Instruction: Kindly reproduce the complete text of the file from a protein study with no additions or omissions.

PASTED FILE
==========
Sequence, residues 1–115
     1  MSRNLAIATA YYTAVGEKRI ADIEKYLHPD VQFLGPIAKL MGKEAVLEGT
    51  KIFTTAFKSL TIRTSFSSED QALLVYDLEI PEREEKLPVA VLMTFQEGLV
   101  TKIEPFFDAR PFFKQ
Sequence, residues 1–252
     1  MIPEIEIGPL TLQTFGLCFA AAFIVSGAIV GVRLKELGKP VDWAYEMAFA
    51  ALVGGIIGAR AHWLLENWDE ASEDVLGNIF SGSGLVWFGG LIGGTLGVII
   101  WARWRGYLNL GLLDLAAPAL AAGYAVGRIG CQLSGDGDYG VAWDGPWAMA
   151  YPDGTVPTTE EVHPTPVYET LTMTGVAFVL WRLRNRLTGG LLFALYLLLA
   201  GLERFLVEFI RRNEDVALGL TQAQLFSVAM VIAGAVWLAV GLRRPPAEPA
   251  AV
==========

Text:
Sequence, residues 1–115
     1  MSRNLAIATA YYTAVGEKRI ADIEKYLHPD VQFLGPIAKL MGKEAVLEGT
    51  KIFTTAFKSL TIRTSFSSED QALLVYDLEI PEREEKLPVA VLMTFQEGLV
   101  TKIEPFFDAR PFFKQ
Sequence, residues 1–252
     1  MIPEIEIGPL TLQTFGLCFA AAFIVSGAIV GVRLKELGKP VDWAYEMAFA
    51  ALVGGIIGAR AHWLLENWDE ASEDVLGNIF SGSGLVWFGG LIGGTLGVII
   101  WARWRGYLNL GLLDLAAPAL AAGYAVGRIG CQLSGDGDYG VAWDGPWAMA
   151  YPDGTVPTTE EVHPTPVYET LTMTGVAFVL WRLRNRLTGG LLFALYLLLA
   201  GLERFLVEFI RRNEDVALGL TQAQLFSVAM VIAGAVWLAV GLRRPPAEPA
   251  AV